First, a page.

Those people who do things because they hope to be compensated will find themselves shunned by Jesus. One day, Jesus will say to such people, "I never knew you. Away from me, you evildoers!" Matthew 7:21-23.

We do well when we learn from Jesus. He fulfilled some expectations while ignoring others. He made some people happy while putting others off. It is not possible nor even good to try and fulfill all expectations. Of course, Jesus had a big advantage over us. He could look into people's hearts and see their real motives, wishes, and needs. We can't read others' thoughts or see wishes in their eyes. Neither can they see ours. Certainly when we know someone really well, we can better guess their motivations but mistakes do happen. Therefore, it is important to express our expectations. We should not expect a person to automatically know our needs. Jesus loved to help people but He often waited for them to ask for His help.

Paul Wattalawick tells the following story in his book, Directions for Being Unhappy. A man wants to hang a picture. He has a nail but no hammer. The neighbor has one. And so the man decides to ask the neighbor to lend him a hammer. But then he thinks, "What if my neighbor refuses to lend me his hammer? Only yesterday he hardly greeted me. Maybe he was in a hurry. But maybe his hurry was only pretense and he has a grudge against me? But why? I haven't done anything to hurt him; he must be imagining things. If somebody wanted to borrow a tool from me, I would give it right away. Why doesn't he? How can he refuse such a little favor? People like him just poison your life. And then he even imagines that I depend on him. Only because he has a hammer. No, that's too much!

And so he rushes to the neighbor's house and rings the doorbell. The neighbor opens the door and the man shouts, "Keep your old hammer, you boor!"

Such is the case when we think we know what others are thinking!

If you live your life with an attitude of expectation, you make your own life and the life of others unnecessarily difficult. Your own will be difficult because you will be disappointed over and over, Others, because you will put them under pressure. It is impossible to react normally to people who have decidedly expectant attitude. They will always be thin king,"Have I done everything right? Have I omitted something I should have done?"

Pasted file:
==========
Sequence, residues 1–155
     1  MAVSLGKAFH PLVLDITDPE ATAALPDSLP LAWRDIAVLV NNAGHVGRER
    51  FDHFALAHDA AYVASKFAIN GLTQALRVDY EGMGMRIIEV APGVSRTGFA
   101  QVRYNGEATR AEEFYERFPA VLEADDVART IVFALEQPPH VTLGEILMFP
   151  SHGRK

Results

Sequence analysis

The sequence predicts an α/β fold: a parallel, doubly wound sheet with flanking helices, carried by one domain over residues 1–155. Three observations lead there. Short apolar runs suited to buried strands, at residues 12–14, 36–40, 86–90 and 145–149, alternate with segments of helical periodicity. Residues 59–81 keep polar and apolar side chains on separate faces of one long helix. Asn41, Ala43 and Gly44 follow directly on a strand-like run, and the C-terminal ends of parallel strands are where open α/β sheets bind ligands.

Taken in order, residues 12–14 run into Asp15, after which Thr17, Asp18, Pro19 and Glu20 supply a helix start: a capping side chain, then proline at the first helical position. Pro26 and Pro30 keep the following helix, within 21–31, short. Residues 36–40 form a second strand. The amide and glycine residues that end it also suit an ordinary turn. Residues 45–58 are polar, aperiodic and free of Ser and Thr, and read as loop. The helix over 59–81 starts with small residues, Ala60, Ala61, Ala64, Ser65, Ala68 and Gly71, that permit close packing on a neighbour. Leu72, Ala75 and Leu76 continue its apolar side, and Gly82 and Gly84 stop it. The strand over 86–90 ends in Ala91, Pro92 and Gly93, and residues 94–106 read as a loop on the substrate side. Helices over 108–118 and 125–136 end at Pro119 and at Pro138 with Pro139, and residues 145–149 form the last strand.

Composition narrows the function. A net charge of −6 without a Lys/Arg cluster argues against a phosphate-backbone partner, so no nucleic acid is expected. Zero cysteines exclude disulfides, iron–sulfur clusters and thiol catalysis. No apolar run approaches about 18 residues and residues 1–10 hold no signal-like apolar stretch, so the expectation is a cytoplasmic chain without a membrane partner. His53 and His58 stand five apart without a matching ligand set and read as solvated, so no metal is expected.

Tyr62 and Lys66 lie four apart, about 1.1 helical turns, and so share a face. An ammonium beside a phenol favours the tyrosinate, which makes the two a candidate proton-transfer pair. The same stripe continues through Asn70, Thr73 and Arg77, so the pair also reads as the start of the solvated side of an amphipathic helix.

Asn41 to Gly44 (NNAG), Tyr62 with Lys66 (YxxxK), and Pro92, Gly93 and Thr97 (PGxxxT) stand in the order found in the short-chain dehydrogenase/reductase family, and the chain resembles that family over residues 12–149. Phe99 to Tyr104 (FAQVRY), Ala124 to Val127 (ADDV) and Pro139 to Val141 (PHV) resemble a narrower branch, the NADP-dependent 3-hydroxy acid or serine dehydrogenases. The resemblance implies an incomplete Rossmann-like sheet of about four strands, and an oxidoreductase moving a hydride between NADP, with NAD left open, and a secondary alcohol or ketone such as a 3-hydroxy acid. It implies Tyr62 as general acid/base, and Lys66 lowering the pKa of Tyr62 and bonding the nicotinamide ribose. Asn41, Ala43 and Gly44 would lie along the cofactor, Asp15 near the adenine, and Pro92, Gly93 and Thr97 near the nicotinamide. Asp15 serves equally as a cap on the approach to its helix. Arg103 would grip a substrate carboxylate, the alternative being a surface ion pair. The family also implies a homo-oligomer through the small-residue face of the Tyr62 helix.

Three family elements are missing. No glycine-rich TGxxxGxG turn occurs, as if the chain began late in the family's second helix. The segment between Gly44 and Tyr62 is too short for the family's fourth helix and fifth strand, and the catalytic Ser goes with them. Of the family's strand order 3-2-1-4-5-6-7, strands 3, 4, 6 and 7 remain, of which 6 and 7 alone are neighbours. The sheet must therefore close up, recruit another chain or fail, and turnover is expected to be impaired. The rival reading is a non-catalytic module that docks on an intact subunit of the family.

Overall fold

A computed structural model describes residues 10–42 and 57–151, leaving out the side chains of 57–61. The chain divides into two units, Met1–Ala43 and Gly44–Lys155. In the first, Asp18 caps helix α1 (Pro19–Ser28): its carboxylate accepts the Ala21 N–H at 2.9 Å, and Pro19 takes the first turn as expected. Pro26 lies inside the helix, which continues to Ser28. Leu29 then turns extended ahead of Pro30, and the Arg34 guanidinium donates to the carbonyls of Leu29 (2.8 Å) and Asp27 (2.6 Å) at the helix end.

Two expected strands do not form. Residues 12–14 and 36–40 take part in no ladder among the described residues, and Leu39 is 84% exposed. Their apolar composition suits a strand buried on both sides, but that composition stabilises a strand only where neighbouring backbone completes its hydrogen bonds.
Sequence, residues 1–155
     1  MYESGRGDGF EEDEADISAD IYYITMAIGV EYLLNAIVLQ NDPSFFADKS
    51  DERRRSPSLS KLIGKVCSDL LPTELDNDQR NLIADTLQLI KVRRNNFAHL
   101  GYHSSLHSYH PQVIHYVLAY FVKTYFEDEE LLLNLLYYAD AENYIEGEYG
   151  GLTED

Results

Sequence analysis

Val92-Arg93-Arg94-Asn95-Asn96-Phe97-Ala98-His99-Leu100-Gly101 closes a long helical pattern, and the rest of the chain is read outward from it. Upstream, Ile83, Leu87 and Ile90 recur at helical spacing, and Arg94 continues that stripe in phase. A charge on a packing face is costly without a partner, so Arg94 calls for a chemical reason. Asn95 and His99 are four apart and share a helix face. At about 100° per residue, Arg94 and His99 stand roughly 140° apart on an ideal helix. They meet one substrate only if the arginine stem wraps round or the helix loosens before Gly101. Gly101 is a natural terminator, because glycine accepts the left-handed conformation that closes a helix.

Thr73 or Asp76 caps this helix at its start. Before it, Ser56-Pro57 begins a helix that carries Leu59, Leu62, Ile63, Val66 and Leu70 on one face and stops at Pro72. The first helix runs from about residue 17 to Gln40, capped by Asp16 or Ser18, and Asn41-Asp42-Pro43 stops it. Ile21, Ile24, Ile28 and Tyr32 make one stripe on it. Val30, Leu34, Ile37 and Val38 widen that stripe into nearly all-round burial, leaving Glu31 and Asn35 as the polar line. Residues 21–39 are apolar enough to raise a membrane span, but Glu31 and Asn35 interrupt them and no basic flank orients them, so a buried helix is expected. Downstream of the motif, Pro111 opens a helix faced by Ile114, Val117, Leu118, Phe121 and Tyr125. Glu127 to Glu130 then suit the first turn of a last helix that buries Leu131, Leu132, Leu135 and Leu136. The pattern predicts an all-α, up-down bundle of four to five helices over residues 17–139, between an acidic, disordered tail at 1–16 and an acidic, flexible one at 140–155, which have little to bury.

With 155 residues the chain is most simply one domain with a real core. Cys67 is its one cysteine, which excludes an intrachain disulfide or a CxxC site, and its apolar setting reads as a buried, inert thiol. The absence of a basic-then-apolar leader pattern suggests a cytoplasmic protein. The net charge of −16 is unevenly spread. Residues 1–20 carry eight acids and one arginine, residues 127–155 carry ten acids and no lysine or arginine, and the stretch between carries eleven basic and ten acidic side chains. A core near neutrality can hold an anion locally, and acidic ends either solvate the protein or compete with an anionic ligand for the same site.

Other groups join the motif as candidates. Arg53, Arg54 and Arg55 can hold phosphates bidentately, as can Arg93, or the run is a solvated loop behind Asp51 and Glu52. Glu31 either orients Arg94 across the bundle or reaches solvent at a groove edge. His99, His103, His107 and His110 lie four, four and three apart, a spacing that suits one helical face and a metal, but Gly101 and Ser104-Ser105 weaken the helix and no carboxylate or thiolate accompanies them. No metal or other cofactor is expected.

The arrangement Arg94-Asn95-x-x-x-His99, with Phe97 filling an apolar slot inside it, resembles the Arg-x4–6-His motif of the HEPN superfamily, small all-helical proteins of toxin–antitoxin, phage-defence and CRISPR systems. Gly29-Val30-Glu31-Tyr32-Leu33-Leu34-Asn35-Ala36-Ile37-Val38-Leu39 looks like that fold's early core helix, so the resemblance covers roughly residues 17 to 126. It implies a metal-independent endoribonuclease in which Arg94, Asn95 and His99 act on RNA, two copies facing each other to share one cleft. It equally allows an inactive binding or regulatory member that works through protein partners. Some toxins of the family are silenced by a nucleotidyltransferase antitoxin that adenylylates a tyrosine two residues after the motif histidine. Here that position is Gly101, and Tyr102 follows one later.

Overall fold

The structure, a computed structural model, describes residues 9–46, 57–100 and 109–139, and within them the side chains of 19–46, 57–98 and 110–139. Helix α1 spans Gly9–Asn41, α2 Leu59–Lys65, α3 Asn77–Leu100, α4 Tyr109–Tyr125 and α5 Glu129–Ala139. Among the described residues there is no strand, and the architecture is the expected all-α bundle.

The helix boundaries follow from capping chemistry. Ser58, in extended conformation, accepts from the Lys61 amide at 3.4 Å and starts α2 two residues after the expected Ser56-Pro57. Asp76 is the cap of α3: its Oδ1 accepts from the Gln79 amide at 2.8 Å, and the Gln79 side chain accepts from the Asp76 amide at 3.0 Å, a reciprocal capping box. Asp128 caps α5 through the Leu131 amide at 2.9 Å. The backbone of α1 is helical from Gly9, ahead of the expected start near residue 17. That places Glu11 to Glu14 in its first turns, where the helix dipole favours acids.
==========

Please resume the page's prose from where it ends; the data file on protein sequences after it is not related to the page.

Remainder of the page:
Does it mean it is wrong to have expectations? And if you do, what should you do with them? )esus answers these questions when he gave us the Golden Rule, "Do unto others as you would have them do unto you" Matthew 7:12. Jesus wants us to be active in doing good. In other words:

If you want someone to approach you, you should approach others.

If you want to be invited, you should invite others.

If you want respect, you should respect others.

If you want others to take part in your life, you should take part in others' lives.

If you want someone to help you, you should help others.

If you want someone to call you, you should call others.

If you want someone to visit you, you should visit others.

If you want others to speak to you kindly, you should speak kindly to others.

The list could go on forever.

My grandmother wrote the following in my friendship book: "Do you want happiness in life? Then make others happy, for the joy we give returns into our hearts."

So few words, but so true. Jesus gave us the Golden Rule because He wanted to give us something good. He knew that people who live according to this rule always get returns of something good and they feel as if they were receiving a gift although they are the ones who are giving.

God wants us to experience how happy it makes us when we can help to make others happy. Our lives will be richer when we enrich the lives of others. Our lives are empty when we think only of ourselves and our own expectations.

Reingard Schwenger has two sons. They live in Freudenstadt, a little town in the Blackwood Forest in Germany. She enjoys reading and playing the piano.